Another equally embarrassing mistake was when Lockheed Martin workers dropped NASA’s NOAA-N' Earth observation satellite on the floor in 2003. The NASA investigation report revealed that during a standard test, a technician had removed 24 bolts that helped hold the spacecraft in place but failed to document it. A team that came later was moving the spacecraft from vertical to horizontal position for another test but failed to check if all bolts were in place, as was specified in the procedure. The spacecraft fell on the floor and was badly damaged.
Lockheed Martin agreed to forfeit all profit from the project and paid $30 million for repairs. However, the total repair cost was $135 million, the difference of which was paid by the U.S. government.
A hard landing for Genesis
Sample collection missions are hard but NASA’s Genesis spacecraft launched in 2001 had already successfully collected samples of the solar wind and was about to bring them to Earth in 2004. When the sample-carrying probe was descending in Earth’s atmosphere, its parachute never deployed. It crashed into the Utah desert. Many of its sample collectors shattered upon impact, and some remaining samples were contaminated by the desert air. Scientists worked hard to safely recover the remaining intact samples for study, and the mission’s primary objectives were eventually met but the overall scientific output was, of course, lower than expected.
NASA’s failure report in 2009 revealed that Lockheed Martin, the spacecraft manufacturer, had incorrectly installed the probe’s accelerometers in inverted position, which confused the spacecraft’s navigation system and led to the parachutes not deploying.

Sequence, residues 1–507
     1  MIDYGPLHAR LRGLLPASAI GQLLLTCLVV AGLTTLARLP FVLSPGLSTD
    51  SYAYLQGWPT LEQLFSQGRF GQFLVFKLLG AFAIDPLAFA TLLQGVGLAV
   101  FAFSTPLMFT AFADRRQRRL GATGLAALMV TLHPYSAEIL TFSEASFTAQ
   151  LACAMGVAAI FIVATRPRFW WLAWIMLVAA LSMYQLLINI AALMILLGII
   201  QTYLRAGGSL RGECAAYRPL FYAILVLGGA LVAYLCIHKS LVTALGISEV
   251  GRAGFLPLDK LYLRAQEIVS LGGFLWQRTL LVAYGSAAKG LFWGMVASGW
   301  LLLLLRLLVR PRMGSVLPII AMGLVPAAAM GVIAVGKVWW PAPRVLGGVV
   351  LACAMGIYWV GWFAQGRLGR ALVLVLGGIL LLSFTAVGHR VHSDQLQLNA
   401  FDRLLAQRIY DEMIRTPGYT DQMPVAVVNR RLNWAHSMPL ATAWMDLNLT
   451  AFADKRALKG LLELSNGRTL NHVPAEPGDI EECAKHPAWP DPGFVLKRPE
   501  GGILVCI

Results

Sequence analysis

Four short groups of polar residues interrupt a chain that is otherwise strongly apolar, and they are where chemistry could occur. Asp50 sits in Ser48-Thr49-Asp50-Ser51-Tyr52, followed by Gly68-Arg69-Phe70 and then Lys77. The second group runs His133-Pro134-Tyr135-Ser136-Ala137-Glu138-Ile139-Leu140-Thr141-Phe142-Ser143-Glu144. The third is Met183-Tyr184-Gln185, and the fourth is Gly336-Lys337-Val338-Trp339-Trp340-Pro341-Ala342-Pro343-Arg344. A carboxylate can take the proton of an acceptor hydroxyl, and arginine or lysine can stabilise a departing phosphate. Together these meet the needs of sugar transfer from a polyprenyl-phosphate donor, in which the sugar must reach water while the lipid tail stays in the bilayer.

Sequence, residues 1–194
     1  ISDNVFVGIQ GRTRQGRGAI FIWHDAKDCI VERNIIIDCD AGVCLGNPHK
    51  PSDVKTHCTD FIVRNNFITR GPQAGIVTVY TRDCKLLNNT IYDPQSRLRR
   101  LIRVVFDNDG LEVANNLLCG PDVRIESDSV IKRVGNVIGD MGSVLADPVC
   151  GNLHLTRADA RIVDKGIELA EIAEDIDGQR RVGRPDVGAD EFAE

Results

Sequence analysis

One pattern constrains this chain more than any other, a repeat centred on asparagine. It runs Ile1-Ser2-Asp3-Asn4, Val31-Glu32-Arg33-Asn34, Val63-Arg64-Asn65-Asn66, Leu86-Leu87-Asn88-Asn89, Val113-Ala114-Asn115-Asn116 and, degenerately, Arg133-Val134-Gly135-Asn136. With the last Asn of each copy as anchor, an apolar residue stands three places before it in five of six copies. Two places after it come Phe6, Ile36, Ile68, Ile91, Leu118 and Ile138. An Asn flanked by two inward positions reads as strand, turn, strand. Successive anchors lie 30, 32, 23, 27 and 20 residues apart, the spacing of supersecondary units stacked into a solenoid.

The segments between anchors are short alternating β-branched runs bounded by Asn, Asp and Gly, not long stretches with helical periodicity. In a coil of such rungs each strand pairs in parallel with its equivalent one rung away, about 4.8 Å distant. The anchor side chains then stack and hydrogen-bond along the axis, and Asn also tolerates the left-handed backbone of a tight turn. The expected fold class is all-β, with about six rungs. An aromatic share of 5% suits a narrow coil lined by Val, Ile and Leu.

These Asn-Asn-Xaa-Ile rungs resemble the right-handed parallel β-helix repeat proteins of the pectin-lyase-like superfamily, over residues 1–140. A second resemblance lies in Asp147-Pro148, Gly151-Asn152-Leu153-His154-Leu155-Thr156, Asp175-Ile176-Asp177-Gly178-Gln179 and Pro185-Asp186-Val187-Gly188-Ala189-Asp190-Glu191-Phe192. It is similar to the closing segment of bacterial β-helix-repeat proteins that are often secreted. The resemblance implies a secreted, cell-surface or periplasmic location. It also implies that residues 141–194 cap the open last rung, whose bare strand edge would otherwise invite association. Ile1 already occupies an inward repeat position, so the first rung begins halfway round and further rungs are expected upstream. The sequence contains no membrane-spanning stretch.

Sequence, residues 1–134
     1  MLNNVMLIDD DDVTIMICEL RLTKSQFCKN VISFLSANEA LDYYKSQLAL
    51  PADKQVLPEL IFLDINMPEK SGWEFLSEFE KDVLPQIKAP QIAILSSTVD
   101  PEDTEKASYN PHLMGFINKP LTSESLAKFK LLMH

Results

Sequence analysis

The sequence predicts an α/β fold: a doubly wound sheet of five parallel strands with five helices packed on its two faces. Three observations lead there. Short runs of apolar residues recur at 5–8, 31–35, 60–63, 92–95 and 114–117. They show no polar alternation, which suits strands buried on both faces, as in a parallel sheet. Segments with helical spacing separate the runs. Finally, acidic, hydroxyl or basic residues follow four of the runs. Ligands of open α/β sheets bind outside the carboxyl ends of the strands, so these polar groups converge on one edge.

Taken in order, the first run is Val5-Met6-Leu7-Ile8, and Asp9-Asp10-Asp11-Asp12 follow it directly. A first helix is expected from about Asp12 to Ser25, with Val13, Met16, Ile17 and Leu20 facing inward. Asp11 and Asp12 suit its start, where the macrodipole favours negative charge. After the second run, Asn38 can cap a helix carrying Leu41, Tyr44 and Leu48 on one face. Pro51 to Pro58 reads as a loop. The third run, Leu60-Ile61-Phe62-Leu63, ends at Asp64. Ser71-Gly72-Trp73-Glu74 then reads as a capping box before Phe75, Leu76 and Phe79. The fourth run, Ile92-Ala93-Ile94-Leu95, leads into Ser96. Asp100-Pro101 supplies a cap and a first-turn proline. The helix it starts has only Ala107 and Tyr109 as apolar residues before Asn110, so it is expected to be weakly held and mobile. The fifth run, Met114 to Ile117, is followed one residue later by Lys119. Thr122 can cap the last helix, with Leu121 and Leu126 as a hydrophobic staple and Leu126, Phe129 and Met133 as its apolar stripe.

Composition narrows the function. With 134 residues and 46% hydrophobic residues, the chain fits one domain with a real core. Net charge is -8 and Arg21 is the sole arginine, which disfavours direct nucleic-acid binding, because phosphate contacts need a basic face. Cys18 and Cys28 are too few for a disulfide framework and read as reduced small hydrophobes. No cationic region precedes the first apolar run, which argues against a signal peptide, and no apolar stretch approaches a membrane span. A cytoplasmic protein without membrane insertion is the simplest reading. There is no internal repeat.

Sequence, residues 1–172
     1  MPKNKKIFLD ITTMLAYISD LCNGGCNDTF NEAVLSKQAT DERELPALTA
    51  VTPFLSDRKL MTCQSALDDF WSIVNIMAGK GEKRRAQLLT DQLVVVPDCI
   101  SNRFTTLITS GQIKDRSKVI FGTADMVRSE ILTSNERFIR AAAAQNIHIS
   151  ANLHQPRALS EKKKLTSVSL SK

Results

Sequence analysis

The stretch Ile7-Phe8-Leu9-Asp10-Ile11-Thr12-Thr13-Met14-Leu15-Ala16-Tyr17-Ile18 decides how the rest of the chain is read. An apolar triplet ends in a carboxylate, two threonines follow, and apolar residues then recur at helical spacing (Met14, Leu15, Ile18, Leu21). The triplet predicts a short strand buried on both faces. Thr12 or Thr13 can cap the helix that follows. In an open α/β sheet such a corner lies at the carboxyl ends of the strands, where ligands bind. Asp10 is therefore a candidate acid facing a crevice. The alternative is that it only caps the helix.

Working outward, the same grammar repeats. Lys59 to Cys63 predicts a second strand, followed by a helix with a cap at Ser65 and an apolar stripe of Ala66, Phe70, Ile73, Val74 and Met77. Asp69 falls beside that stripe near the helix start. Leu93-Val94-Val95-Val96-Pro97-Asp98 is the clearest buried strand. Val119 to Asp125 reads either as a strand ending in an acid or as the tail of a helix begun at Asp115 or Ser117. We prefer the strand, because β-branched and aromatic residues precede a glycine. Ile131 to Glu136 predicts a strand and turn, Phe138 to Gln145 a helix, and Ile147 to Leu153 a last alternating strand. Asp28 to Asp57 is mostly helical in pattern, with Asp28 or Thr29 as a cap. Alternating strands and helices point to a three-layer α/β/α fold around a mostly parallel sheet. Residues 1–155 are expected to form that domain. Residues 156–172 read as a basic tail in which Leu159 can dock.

A similar assembly mistake of installing inverted cables on the European Vega rocket moved the upper stage engine nozzles in the wrong direction during a 2020 flight. This misled the upper stage’s guidance system and so it couldn’t orient itself. The upper stage tumbled and failed to reach desired orbit, losing the satellites onboard.
As we embark on increasingly technologically complex space endeavors such as sustainably living on the Moon, exploring the outer solar system moons, bringing samples from Mars, and more, the increased functionality demanded by such missions could inevitably make human errors likelier.
The general industry direction of late has thus been to reduce human errors by reliably automating as many parts of missions as possible, taking advantage of modern software. This is especially true for mission operations, a major element still heavily reliant on humans to be in the loop. So when humans are exploring the Moon again, the mission control center would look and operate very differently.
Thank you Epsilon3 for supporting me, which allowed me to work on this article. The article’s theme has been inspired by my other piece, “Space grade electronics: How NASA Juno survives near Jupiter”. The next article in this series is “Past mistakes to avoid in our grand return to the Moon this decade”.
<Intro from the supporter> Epsilon3 is a web-based platform for managing complex spacecraft operational procedures that provides coordination, assurance, and risk reduction to prevent failures like some of the ones mentioned here and more.